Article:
90 female Japanese patients with eating disorders diagnosed using DSM-IV were compared with 115 healthy female controls. Genomic DNA was extracted from whole blood, and standard polymerase chain reaction testing was performed. In the group whose members had an eating disorder with binge-eating behavior, the frequency of a short allele (a specific kind of genetic marker) was significantly higher compared with the control group.
The researchers concluded that it is plausible that there is an association between the DAT1 VNTR genetic marker and binge-eating behavior, and that this indicates that dysregulation of dopamine reuptake may act as a common pathophysiologic mechanism in eating disorders with binge-eating behavior and in disorders related to substance use. (100 ) This study seems to give a biological and genetic base to binge eating disorder and BN, because both of the disorders have binge eating as part of their core make up.
Another study, published in the March 6, 2006 reported that researchers found that family members of obese individuals with BED were twice as likely to suffer from the condition as were obese individuals who did not have a family history of binge eating. (58)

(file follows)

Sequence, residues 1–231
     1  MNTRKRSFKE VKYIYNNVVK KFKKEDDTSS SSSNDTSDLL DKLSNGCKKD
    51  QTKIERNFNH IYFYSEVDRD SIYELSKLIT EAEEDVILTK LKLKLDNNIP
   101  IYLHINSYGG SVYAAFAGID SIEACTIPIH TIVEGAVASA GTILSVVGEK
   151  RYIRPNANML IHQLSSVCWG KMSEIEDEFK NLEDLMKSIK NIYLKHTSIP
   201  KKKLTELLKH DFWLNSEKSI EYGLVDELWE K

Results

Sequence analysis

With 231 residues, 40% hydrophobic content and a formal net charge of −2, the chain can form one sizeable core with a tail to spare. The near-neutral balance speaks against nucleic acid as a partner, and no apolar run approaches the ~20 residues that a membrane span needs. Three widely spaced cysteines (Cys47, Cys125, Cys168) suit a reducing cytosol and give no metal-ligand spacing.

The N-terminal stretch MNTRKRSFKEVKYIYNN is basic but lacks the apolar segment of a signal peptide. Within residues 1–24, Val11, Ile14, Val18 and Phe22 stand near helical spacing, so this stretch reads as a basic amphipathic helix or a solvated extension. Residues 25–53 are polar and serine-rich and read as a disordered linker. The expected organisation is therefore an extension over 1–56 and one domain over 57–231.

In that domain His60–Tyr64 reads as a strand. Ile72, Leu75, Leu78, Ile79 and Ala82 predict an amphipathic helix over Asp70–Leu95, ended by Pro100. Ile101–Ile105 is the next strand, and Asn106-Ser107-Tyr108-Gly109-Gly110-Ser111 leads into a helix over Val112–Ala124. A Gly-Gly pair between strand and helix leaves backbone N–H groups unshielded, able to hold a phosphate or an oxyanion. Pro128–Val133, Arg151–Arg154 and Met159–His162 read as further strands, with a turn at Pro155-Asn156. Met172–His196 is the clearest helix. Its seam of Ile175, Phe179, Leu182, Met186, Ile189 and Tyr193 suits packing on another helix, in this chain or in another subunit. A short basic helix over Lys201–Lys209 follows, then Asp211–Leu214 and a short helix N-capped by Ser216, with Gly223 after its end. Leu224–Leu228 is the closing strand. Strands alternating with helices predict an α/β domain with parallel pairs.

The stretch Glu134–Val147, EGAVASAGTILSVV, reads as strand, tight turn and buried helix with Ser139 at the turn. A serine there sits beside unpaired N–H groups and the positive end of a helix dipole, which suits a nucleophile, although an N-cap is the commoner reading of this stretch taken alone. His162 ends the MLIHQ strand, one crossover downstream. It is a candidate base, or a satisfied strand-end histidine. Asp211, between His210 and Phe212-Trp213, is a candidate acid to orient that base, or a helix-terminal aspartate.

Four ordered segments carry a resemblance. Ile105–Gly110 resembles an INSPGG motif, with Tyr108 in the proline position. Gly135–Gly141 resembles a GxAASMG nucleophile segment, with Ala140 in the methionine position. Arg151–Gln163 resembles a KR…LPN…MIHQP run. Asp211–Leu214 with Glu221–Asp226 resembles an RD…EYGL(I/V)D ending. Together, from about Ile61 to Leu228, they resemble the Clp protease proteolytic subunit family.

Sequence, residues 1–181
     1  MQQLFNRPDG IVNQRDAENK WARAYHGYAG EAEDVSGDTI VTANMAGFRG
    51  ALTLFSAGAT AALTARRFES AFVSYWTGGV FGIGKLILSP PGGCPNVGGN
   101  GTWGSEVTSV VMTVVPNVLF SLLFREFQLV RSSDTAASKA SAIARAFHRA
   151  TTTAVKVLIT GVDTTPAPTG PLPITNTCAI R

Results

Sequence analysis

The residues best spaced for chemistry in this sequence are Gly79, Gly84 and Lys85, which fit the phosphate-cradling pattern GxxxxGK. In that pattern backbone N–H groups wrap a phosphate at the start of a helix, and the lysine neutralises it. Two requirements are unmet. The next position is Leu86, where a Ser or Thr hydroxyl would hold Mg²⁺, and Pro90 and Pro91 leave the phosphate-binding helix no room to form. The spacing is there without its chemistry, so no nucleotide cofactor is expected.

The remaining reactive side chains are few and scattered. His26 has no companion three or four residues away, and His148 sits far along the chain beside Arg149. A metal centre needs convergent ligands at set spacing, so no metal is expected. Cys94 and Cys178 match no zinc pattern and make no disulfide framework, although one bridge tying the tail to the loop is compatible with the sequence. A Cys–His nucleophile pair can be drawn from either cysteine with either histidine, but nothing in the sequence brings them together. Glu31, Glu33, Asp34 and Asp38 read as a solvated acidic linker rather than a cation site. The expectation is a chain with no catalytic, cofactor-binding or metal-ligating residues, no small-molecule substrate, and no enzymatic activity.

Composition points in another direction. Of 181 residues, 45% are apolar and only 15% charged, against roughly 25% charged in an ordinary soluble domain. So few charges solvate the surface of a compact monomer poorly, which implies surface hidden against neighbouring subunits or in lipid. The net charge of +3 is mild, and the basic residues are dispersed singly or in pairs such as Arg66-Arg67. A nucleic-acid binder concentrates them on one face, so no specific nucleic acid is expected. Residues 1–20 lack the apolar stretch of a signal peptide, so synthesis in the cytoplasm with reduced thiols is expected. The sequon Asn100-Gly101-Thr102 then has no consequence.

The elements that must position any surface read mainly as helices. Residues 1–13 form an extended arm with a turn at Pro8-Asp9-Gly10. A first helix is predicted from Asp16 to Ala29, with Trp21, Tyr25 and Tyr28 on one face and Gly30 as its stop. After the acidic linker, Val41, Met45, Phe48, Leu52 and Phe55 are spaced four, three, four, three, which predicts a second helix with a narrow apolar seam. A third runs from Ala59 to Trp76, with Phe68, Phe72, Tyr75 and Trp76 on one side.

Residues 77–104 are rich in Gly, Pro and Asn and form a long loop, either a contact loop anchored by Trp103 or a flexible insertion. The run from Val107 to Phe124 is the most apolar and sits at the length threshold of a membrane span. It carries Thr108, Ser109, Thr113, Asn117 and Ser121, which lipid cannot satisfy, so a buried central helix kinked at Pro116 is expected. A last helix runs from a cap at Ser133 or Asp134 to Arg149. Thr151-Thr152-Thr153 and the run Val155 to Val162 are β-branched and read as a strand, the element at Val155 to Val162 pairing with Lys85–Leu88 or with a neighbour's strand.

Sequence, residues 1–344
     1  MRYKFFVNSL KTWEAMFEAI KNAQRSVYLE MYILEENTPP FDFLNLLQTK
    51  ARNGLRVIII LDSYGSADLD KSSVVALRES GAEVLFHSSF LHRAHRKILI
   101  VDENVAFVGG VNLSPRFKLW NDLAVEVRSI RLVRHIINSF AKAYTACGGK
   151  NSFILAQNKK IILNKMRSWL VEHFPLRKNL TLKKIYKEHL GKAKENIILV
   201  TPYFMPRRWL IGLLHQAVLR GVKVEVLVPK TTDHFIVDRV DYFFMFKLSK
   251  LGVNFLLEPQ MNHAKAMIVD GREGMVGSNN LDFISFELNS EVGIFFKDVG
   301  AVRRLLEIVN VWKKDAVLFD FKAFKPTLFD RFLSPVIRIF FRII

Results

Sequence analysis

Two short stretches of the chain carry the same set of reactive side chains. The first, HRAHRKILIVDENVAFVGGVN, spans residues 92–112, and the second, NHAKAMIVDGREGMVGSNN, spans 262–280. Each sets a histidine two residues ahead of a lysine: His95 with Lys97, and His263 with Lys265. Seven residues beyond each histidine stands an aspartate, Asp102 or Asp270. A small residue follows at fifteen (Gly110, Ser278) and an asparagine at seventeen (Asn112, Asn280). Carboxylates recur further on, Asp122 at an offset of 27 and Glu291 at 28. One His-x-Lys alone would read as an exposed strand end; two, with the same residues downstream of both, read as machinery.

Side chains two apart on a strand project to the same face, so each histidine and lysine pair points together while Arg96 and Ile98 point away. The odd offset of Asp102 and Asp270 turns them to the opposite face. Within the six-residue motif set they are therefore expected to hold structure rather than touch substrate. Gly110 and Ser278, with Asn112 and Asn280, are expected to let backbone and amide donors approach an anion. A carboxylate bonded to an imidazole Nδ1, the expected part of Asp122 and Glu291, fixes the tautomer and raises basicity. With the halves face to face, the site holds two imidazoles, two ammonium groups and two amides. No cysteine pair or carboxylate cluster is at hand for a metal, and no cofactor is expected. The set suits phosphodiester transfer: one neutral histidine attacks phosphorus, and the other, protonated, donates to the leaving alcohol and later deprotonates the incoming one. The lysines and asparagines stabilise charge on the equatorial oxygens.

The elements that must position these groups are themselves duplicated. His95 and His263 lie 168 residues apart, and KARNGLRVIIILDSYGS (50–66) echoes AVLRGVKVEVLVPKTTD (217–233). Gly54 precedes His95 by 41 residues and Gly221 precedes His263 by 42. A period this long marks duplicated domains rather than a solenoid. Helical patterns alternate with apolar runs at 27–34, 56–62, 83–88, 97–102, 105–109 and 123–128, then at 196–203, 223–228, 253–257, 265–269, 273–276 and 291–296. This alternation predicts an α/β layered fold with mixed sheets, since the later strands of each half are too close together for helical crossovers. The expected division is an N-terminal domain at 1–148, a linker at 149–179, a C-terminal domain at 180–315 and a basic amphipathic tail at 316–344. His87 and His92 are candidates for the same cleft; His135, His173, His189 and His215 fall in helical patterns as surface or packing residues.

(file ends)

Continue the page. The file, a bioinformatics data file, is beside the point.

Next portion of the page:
The study found a lifetime diagnosis of BED in 87 of the 431 relatives of subjects with BED and 44 of the 457 relatives of subjects without the disorder. The study also found that relatives of subjects with BED were 2.5 times more likely to be severely obese than relatives of subjects without BED.
Dr. James I. Hudson, MD, ScD, the lead author of the article and director of the Biological Psychiatry Laboratory at McLean Hospital, said:
"The current epidemic of obesity has many causes. This study says that there may be a psychobiological cause for obesity, one that is related to impulsive binge eating."
Researchers concluded that weight is more strongly inherited than nearly any other condition, including mental illness, breast cancer or heart disease.
Source: Genes Take Charge, and Diets Fall by the Wayside By GINA KOLATA , New York Times, Health May 8th, 2007